The United States South found itself grappling with alarming instances of Pellagra during the early 1900s.3 This issue stemmed from the prevailing monoculture farming practices in the region, which focused primarily on cultivating cotton.3 This agricultural monoculture led to a limited diversity in the diets of the local population.3  It primarily affected impoverished populations who relied heavily on corn-based diets, especially in states like South Carolina.4 Dr. Joseph Goldberger, a U.S. Public Health Service physician, played a crucial role in understanding the disease’s dietary origins.4 He theorized that Pellagra might be linked to poor diet and malnutrition.4

By the year 1912, the state of South Carolina alone had identified a staggering 30,000 cases of Pellagra, with a distressing fatality rate of 40%. This alarming situation spurred the need for a more comprehensive investigation into its underlying causes.4 

The Thompson-McFadden Pellagra Committee

In response, the formation of the Thompson-McFadden Pellagra Committee in 1914 aimed to identify effective treatments for this ailment.5 Named after its proponents, Robert M. Thompson and Henry McFadden—respectively a mining tycoon and a cotton merchant—the committee raised funds to conduct a comprehensive investigation.5 This involved door-to-door surveys of South Carolina residents in cotton mill villages, where self-reported food consumption and Pellagra incidence were documented.4 However, the committee erroneously concluded that Pellagra was infectious due to its clustering pattern.4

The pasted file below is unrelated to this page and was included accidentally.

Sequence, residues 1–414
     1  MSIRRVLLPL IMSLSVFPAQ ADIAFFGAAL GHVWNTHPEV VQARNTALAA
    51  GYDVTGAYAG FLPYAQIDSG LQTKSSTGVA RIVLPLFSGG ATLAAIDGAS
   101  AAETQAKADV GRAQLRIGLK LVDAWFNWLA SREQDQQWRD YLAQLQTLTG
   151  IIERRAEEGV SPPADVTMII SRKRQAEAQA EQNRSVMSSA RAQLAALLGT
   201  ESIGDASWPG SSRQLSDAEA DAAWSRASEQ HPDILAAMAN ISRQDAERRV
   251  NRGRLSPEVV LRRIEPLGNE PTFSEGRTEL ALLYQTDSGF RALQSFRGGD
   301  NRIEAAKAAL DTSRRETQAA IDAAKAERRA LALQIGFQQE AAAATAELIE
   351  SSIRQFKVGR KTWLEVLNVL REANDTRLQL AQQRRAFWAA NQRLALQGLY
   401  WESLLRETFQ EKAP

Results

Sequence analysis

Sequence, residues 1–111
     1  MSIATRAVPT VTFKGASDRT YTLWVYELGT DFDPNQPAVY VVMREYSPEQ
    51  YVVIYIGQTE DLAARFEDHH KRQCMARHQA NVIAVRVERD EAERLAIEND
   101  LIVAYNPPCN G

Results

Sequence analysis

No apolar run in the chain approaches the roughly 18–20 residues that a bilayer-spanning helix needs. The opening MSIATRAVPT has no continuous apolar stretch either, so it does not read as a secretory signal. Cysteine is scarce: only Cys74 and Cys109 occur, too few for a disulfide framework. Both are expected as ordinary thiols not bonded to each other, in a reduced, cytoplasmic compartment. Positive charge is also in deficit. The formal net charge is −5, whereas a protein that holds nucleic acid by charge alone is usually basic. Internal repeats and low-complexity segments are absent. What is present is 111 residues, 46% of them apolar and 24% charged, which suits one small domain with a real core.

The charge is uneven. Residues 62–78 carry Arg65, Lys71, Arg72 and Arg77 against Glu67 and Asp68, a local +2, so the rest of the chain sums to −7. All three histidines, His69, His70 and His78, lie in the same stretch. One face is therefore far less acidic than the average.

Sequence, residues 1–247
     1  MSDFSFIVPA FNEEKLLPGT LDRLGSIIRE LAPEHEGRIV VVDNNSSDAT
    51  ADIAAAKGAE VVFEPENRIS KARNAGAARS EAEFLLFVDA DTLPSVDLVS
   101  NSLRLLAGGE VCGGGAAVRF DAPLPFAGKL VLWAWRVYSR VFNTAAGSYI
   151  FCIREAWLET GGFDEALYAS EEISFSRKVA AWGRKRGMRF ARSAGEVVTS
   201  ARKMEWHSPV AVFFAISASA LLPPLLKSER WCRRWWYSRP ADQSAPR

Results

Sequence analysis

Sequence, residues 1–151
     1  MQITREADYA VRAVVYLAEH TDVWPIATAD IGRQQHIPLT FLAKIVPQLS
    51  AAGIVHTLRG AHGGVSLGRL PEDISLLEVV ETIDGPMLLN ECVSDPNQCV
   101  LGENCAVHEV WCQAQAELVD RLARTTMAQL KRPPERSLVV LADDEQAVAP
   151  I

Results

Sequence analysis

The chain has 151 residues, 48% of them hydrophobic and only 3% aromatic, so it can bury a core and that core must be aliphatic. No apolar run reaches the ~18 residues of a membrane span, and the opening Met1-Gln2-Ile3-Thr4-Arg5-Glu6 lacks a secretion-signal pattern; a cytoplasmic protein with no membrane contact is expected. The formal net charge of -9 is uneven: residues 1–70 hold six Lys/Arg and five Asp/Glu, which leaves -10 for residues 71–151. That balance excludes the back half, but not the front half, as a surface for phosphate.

Dr. Joseph Goldberger’s Progressive Insights

Dr. Joseph Goldberger, an epidemiologist with the United States Public Health Service, took a different approach.4 Drawing from his experience in curing typhoid and other infectious diseases, he challenged the idea that Pellagra exhibited characteristics of an infectious ailment.4 Goldberger’s astute observations in asylums and orphanages across different socio-economic strata revealed distinct diets among residents.4 A pivotal experiment showcased that Pellagra was in fact linked to dietary insufficiency.4 Transitioning individuals with deficient diets—marked by low protein and inadequate intake—to a wholesome and balanced diet led to the reversal of Pellagra symptoms.4 Strikingly, reverting these individuals to a nutrient-deprived diet resulted in a 40% resurgence of Pellagra symptoms.4 In contrast, those benefiting from well-balanced diets remained free from Pellagra.4